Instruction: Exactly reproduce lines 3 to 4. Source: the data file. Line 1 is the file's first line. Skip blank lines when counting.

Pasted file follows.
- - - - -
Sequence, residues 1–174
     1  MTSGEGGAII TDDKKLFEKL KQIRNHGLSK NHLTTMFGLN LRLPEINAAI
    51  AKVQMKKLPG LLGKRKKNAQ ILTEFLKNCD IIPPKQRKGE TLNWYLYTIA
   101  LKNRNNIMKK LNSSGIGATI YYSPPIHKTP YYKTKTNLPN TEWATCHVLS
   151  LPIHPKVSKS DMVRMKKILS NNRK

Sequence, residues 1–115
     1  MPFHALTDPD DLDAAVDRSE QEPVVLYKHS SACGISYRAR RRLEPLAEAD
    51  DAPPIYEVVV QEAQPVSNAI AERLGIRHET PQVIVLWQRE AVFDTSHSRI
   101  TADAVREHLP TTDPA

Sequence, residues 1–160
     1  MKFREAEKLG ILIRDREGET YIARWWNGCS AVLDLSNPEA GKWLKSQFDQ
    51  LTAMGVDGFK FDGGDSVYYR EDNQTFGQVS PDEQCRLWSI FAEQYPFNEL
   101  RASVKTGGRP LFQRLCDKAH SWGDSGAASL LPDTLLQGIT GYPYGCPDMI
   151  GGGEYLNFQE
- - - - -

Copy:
    51  AKVQMKKLPG LLGKRKKNAQ ILTEFLKNCD IIPPKQRKGE TLNWYLYTIA
   101  LKNRNNIMKK LNSSGIGATI YYSPPIHKTP YYKTKTNLPN TEWATCHVLS